Brussels is watching the UK’s political crisis with ever greater incredulity. “I urge the UK to clarify its intentions as soon as possible,” EU Commission president Jean-Claude Juncker declared after the House of Commons rejected Theresa May’s Brexit deal by a record margin. “Time is almost up.”
In an echo of Juncker’s call for the UK to resolve its stance, the European Commission’s Brexit negotiator Michel Barnier warned: “It is now for the UK government to clarify how it wishes to proceed … The risk of no deal has never been higher.” Disillusion in Brussels is palpable. What to do when the other party sets fire to months of carefully-negotiated work?
No-deal talks have been accelerated by the Commission. “We are taking this very seriously now”, the Commission’s spokesperson, Margaritis Schinas, told reporters in Brussels. In December, the Commission published its no deal contingency plan to protect citizens’ rights as well as the aviation, transport, and financial sectors. In addition to its own contingency plans, the Commission is liaising with the EU27 to centralise no deal planning, Schinas added. “We’re not taking any chances.”
The EU still hopes the UK will belatedly come to its senses. “It’s time for the national interest to overtake narrow party politics and cross-party politics redefines the red lines imposed by hardliners in the Conservative Party”, Guy Verhofstadt, the European parliament’s Brexit representative, said, describing Brexit as the result of “a catfight in the Conservative Party that got out of hand.” EU Council president Donald Tusk was even blunter: “If a deal is impossible, and no one wants no deal, then who will finally have the courage to say what the only positive solution is?” he asked.
Only four months remain until the European elections in May, and the renewed Brexit crisis could now lead to an extension of Article 50 (beyond the UK’s scheduled departure on 29 March). While the European Parliament “understands the UK could need more time”, it would be “unthinkable” to prolong Article 50 beyond the European elections, Verhofstadt has said. “What we will not let happen, deal or no deal, is that the mess in British politics is again imported into European politics,” he added. At the Commission, officials stress that an extension request has yet to be sent by the UK. “Should there be a UK request, it would have to set out the reasons for such an extension”, Schinas specified.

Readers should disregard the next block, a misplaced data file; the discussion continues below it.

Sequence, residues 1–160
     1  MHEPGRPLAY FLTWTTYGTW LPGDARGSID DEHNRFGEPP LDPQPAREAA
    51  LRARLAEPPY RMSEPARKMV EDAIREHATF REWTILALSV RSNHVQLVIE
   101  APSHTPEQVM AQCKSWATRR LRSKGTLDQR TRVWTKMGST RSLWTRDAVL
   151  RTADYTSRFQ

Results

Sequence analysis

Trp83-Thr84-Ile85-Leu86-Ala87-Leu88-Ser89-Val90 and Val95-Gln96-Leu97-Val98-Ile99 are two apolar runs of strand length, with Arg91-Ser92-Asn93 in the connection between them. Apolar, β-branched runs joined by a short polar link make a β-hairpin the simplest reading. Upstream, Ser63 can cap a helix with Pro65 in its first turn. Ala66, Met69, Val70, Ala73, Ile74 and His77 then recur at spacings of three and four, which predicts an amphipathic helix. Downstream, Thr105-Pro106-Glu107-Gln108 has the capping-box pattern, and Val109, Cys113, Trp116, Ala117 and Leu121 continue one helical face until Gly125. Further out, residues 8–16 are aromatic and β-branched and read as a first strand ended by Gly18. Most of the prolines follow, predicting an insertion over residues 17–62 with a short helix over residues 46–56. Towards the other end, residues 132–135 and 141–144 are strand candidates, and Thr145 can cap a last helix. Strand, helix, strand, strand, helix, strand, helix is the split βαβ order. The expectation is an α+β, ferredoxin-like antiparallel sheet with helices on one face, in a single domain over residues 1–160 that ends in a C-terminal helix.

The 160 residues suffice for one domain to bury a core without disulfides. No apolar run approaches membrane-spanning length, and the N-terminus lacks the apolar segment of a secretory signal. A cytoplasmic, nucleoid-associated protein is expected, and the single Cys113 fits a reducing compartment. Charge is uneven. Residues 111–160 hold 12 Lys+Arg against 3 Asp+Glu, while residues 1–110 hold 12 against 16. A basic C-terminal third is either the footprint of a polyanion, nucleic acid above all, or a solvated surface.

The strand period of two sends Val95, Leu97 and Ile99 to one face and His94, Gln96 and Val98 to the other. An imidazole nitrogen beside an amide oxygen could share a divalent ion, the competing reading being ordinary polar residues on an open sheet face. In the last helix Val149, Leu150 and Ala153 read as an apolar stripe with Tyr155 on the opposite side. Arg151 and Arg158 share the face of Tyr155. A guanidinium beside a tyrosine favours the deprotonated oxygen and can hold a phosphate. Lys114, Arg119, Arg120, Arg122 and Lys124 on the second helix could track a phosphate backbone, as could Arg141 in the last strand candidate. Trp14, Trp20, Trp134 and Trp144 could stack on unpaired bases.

Brexit is far from the EU’s top priority this year – with the Eurozone crisis still unresolved – and its patience is being tested by repeated British U-turns. All profess good faith, but their frustration at the UK’s inability to choose is starting to show.
“It’s up to the Prime Minister to tell us how things are going to move forward”, declared German Chancellor Angela Merkel, while her Foreign Minister Heiko Maas warned: “Game time is over.” Austrian Chancellor Sebastian Kurz opposed renegotiating the Brexit withdrawal agreement in all circumstances, while Spanish Prime Minister Pedro Sánchez called Brexit a “disgrace” in which everyone loses.
“We won’t stop defending European interests just to resolve Britain’s domestic problems,” French president Emmanuel Macron warned as his country triggered its no-deal preparations, with €50m to protect infrastructure and businesses. “May figures that she can still obtain from Brussels what Brussels cannot and will not give”, wrote El Pais, while a Le Monde editorial concluded: “As Margaret Thatcher liked to say: ‘Enough is enough.’ The time has come to make a choice.”
Europeans are disillusioned and exasperated by Brexit, as are the UK’s EU citizens. Since “nothing is agreed until everything is agreed”, a no-deal Brexit would be particularly bleak for them: their rights, potentially guaranteed by May’s settled status scheme, could be wiped out overnight. Verhofstadt has called for their rights and those of British EU residents to be “safeguarded”; European parliament president Antonio Tajani has demanded “assurances with regards to their future.”
“Deal or no deal, we need our rights,” Maike Bohn of the citizens’ rights group the3million told me. May’s deal wasn’t perfect but it guaranteed basic working and living rights for EU nationals, she said. Now that agreement is off the table and the UK is stranded at a cliff-edge, citizens’ rights must urgently be “salvaged from the wreck” and guaranteed, Bohn said.
In her Salzburg speech last September, May assured EU citizens that their rights would be protected. But weeks later, she described them as “queue-jumpers”. In October, when the3million asked the British government for citizens’ rights to be ring-fenced, they were met with a polite refusal.
“They told us that they took note of our concerns, but they felt it was not the time to talk about ring-fencing because they wanted to give the main deal a chance,” Bohn recalled. And the government has not sent positive signals since. In December, a Brexit department notice announced that, in the event of no-deal, the government would continue its settlement scheme but might abandon other rights detailed in the withdrawal agreement.
If the planned Immigration Bill is introduced without EU citizens’ rights provisions, it will further weaken their position. “It would wipe our legal status”, Bohn said. In the meantime, EU citizens in the UK will continue to live in limbo. “I can’t take this uncertainty anymore, I feel so anxious and upset all the time,” Eleanor Coden, an Italian who has lived Britain for 17 years, told me. “It’s been 1,000 days of feeling like you might be made redundant, that you have to reapply for your job and you may or may not get your job back”, Maike Bohn explained. “It’s a horrible, horrible feeling.”